How Fat Affects Osteoarthritis
Osteoarthritis (OA) has always been the most common type of arthritis, but today, rates are higher than ever. They’ve risen right along with increases in obesity, according to Stephen Messier, PhD, who directs the JB Snow Biomechanics Lab at Wake Forest University in Winston-Salem, North Carolina.
“The increase in the prevalence of OA is directly attributable to the rise in obesity,” he says.
Why Fat Matters
Why? Extra pounds are hard on joints. The more you weigh, the more stressed and damaged your joints can become. For example, the knees of healthy-weight people absorb about 1.5 pounds of force with every step. If you add OA to the mix – with the joint misalignment that often goes with it – your knees take even more of a beating. When you go up and down stairs or squat to pick something up, the pressure increases exponentially. You can see why a lifetime of movement can take a toll.
Yet if joint stress is the only cause of arthritis, then why is hand and finger arthritis so common?
“Obviously, you don’t walk on your hands, so there must be something that causes the joint to break down more rapidly than it might otherwise,” says David Felson, MD, a professor at Boston University School of Medicine.
That “something” is a group of inflammatory chemicals called adipokines that fat cells produce and release into your body. In short, fat creates inflammation in your joints in addition to the excess stress it puts on them. For people with OA, obesity is a one-two punch.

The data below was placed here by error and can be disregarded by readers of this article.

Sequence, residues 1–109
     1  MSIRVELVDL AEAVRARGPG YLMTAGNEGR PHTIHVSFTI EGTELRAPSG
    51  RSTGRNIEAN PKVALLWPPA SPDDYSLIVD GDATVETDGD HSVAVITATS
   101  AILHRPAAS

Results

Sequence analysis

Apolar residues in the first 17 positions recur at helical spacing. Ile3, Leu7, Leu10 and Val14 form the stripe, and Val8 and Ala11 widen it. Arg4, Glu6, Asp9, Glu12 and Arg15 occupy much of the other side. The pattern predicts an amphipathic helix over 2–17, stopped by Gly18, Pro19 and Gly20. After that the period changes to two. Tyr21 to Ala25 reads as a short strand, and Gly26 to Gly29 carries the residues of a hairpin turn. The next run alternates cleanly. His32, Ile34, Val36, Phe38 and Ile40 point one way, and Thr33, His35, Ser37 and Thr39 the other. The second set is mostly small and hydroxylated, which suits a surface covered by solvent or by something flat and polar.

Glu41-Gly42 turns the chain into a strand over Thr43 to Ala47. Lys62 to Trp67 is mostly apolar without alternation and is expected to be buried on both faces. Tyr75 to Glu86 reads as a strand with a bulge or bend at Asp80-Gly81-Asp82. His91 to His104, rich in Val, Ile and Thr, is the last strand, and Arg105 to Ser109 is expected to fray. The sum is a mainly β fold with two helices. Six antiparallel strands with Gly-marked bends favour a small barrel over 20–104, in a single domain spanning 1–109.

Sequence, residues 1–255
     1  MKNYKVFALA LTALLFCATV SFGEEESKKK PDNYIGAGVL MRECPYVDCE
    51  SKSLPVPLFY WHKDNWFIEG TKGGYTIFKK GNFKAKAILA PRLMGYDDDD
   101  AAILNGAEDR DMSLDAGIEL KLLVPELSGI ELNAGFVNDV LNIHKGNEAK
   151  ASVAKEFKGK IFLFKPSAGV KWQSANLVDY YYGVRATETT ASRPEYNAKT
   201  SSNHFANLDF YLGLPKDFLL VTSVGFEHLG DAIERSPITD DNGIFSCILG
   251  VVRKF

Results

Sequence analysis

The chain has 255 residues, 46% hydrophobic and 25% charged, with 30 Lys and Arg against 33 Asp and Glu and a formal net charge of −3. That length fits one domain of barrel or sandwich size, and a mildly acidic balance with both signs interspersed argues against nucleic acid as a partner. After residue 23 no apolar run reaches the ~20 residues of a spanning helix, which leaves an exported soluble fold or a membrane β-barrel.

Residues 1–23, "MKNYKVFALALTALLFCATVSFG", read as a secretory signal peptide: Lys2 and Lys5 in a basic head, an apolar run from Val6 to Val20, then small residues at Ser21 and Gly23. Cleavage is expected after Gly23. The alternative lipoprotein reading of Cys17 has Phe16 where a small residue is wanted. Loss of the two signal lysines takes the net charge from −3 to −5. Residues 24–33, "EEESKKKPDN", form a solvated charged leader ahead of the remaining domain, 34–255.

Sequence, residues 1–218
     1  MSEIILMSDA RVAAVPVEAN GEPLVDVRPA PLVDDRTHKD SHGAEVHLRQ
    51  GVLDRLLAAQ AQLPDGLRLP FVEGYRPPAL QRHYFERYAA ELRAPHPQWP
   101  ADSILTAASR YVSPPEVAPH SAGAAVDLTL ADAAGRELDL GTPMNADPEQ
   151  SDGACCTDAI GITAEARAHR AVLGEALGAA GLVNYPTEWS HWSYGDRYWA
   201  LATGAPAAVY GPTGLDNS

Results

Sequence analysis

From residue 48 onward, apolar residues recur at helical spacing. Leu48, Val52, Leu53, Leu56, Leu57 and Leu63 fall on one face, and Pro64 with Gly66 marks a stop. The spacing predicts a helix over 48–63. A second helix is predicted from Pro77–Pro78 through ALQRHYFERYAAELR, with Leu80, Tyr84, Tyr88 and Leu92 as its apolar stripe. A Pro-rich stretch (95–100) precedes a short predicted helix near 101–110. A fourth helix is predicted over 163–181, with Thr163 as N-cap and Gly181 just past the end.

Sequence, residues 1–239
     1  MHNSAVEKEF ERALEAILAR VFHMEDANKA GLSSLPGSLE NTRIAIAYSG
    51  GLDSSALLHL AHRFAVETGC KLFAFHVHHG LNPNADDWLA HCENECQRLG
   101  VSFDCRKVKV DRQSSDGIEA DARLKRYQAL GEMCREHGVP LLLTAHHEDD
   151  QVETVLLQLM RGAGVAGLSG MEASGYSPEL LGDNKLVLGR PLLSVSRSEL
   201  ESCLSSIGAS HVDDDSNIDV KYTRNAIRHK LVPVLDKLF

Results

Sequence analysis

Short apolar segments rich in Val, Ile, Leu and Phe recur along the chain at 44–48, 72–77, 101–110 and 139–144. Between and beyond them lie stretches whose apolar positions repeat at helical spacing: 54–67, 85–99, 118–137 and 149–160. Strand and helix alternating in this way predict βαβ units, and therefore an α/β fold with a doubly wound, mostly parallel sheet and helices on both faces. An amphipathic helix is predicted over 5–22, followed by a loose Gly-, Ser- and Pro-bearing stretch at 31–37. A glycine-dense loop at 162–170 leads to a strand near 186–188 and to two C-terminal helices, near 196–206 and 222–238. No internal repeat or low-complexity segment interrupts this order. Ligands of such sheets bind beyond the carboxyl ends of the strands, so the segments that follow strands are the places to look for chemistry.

OA gets worse faster and is more severe in people who are obese than in those who weigh less. Studies have also shown that people who are overweight or obese are more likely to need a hip or knee replacement. They also tend to have more complications and poorer outcomes after the surgery.
In a 2018 study, researchers at NYU Langone Health in New York City reported more complications in obese patients than in average-weight patients undergoing total joint replacement. They also found the complication rate increased as weight went up. The goal, the researchers say, is to reduce weight and inflammation before deciding on surgery. In some studies, people who dropped a lot of weight after bariatric surgery decided they didn’t need a hip or knee replacement after all.
Other Health Problems
People with OA are more likely to have additional health problems (doctors call them comorbidities) including diabetes, high blood pressure and depression. According to the CDC, nearly half the people with arthritis have heart disease, too.
The same fat-related inflammatory proteins that contribute to OA are involved in all these disorders. Exercise is among the best ways to prevent heart and blood sugar problems, but many people with OA, especially if they’re obese, struggle to get enough physical activity. The combination of inflammation and lack of exercise creates a cycle of weight gain, disability and poor health.
Why Weight Loss Matters
The good news is that most or all of these problems can be remedied by dropping a few pounds. Losing just 10 percent of your body weight can cut arthritis pain in half. Losing 20 percent can cut arthritis pain by another 25 percent or more, Dr. Messier says. It may also slow or even stop disease progression. The bonus: Healthy weight loss can also lower blood pressure and reduce the risk of diabetes and heart disease.
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